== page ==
Slump Continues for TSX

Boyd, Cronos Merit Attention

Equities in Canada’s largest centre opened lower on Thursday, a day after falling into correction territory, as weakness in mining shares on the back of weaker metal prices and downbeat earnings from insurer Manulife Financial weighed on sentiment.

The negative trend for the S&P/TSX, as it dived another 220.76 points, or 1.1%, soon after the opening bell to 19,616.49.

The Canadian dollar removed 0.2 cents at 76.75 cents U.S.

As of Thursday’s open, the index was down 10.2% from its March 29 closing record high. A correction is confirmed when an index closes 10% or more below its record closing level.

Canada's biggest life insurers, Manulife Financial and Sun Life Financial, on Wednesday reported core earnings fell from a year ago as the COVID-19 pandemic took a toll on their Asian earnings, with Manulife also missing estimates.

Manulife shares lost $2.13, or 8.8%, to 22.22, while Sun Life lost $1.26, or 2%, to $61.46.

CIBC cut the target price on Boyd Group Services to $168.00 from $175.00. Boyd shares dipped $1.56, or 1.2%, to $133.50.

Jefferies raised the target price on Cronos Group to $4.30 from $3.70. Cronos shares ducked four cents, or 1%, to $3.82.

CIBC cut the target price on goeasy Ltd to $180.00 from $200.00. goeasy shares lost $4.62, or 4.4%, to $101.22.


The TSX Venture Exchange stumbled 17.43 points, or 2.5%, to 683.47.

Eight of the 12 TSX subgroups were in minus country in the first hour, with materials giving up 2%, while gold lost 1.9% of its lustre, and financials were poorer by 1.6%.

The four gainers were led by consumer discretionary stocks, up 0.8%, while consumer staples and information technology each jumped 0.6%.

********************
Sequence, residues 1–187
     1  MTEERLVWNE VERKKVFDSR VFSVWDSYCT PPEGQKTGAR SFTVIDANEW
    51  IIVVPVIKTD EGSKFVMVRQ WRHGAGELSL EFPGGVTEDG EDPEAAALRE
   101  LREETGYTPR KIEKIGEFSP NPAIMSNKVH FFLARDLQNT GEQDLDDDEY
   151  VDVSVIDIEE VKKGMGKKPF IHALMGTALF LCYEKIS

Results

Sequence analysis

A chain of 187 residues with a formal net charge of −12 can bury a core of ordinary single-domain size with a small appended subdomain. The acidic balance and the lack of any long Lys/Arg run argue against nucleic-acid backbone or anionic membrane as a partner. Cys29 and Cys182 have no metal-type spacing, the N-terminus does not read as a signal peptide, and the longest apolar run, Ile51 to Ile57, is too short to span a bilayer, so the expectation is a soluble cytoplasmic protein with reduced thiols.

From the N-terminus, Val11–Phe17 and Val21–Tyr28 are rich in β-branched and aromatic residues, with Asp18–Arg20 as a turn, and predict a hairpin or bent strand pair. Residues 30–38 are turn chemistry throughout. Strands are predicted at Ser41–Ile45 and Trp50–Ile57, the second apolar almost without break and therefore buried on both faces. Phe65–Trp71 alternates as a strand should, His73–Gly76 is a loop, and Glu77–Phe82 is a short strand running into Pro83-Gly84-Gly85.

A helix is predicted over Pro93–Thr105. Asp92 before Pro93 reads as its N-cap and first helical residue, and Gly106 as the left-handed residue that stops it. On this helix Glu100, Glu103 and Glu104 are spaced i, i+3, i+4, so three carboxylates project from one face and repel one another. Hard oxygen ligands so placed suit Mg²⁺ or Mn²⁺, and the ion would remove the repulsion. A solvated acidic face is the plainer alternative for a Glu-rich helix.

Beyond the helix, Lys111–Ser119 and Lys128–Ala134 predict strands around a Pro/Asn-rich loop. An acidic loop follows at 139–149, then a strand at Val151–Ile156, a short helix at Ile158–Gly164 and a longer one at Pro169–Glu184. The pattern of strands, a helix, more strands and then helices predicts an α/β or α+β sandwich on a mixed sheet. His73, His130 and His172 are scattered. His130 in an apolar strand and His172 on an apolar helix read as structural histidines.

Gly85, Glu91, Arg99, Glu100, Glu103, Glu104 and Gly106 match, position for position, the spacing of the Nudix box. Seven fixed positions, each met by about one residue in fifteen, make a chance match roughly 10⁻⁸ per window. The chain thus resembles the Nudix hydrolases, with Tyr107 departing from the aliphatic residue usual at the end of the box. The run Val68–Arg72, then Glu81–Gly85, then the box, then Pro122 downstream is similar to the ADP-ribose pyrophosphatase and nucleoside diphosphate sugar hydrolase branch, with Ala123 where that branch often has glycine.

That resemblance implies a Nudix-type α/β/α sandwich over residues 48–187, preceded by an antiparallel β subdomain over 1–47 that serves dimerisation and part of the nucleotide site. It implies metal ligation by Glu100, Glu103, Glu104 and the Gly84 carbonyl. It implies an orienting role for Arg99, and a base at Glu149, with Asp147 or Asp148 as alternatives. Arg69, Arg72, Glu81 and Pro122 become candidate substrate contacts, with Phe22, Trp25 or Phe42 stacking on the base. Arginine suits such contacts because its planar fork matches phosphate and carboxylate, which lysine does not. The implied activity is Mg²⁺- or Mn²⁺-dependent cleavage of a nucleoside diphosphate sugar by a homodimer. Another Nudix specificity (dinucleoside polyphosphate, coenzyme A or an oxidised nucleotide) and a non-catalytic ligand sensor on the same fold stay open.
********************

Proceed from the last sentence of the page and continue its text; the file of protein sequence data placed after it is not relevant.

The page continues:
Stocks traded lower Thursday morning as a selloff on Wall Street continued to push the S&P 500 to its lowest level in more than a year and to the brink of bear market territory.

The Dow Jones Industrials fell 232.91 points to 31,601.20.

The S&P 500 slid 32.91 points to 3,902.27.

The NASDAQ Composite dropped 88.28 points to 11,275.96.

Tech stocks continued to take a beating on Thursday. Apple lost more than 3%, pushing the shares into bear market territory — down 22% from a 52-week high. It came as Saudi Aramco surpassed the tech giant as the world’s most valuable company on Wednesday.

Amazon and Microsoft also fell Thursday, dipping 2% each. Salesforce dropped 3.6%.

On the earnings front, Disney shares dragged down the Dow, falling more than 5% after reporting mixed earnings results and hitting a two-year low.

The media giant reported higher-than-expected streaming subscriber growth, but warned about the COVID impact on parks in Asia. Boeing and American Express also weighed on the Dow, shedding about 4% each.

Rivian Automotive added 8% and Beyond Meat slumped more than 13% on Thursday following quarterly results.

Fresh producer price index data, which measures prices at the wholesale level, rose 11% year over year. That number fell from March but came in above expectations and did little to shake fears of rising inflation.

Treasury prices gained sharply, with yields slumping to 2.86% from Wednesday’s 2.93%. Treasury prices and yields move in opposite directions.

Oil prices were unchanged at $105.71 U.S. a barrel.

Gold prices tumbled $13.40 to $1,840.30 U.S. an ounce.

Selloff Resumes